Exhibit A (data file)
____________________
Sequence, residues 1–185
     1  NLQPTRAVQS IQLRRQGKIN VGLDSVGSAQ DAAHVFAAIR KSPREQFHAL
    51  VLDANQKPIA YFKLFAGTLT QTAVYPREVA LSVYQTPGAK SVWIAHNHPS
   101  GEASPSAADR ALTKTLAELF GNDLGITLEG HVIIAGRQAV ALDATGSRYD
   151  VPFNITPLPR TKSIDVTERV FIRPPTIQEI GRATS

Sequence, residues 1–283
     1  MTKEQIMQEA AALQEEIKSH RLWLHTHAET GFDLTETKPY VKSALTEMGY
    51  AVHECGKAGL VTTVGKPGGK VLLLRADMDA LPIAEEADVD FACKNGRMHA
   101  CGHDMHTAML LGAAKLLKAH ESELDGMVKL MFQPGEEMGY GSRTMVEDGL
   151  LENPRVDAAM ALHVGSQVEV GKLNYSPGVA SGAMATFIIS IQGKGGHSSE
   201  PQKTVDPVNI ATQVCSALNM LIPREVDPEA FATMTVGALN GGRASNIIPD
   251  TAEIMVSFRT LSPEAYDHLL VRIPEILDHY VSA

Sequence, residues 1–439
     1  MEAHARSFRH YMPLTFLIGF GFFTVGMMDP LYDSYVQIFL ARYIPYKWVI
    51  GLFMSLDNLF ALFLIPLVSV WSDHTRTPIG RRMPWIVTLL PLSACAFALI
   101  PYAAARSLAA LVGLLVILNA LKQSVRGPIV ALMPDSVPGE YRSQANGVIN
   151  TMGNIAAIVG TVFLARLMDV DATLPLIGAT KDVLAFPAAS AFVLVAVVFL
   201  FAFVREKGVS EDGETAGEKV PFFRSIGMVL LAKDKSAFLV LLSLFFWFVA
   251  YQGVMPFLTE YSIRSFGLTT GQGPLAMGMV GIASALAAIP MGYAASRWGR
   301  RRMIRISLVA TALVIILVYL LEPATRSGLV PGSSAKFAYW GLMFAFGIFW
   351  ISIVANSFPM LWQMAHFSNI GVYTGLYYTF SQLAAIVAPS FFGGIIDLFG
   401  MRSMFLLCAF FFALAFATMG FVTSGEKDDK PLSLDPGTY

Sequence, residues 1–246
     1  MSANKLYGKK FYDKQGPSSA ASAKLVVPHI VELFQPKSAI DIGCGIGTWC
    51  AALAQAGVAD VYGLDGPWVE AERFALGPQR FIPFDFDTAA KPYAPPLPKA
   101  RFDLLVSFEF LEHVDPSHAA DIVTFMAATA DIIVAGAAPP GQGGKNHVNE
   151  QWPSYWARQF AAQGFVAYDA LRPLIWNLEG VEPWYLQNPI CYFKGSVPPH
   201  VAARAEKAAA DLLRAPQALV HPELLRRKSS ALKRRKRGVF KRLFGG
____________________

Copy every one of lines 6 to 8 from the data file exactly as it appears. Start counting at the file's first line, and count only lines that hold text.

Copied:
Sequence, residues 1–283
     1  MTKEQIMQEA AALQEEIKSH RLWLHTHAET GFDLTETKPY VKSALTEMGY
    51  AVHECGKAGL VTTVGKPGGK VLLLRADMDA LPIAEEADVD FACKNGRMHA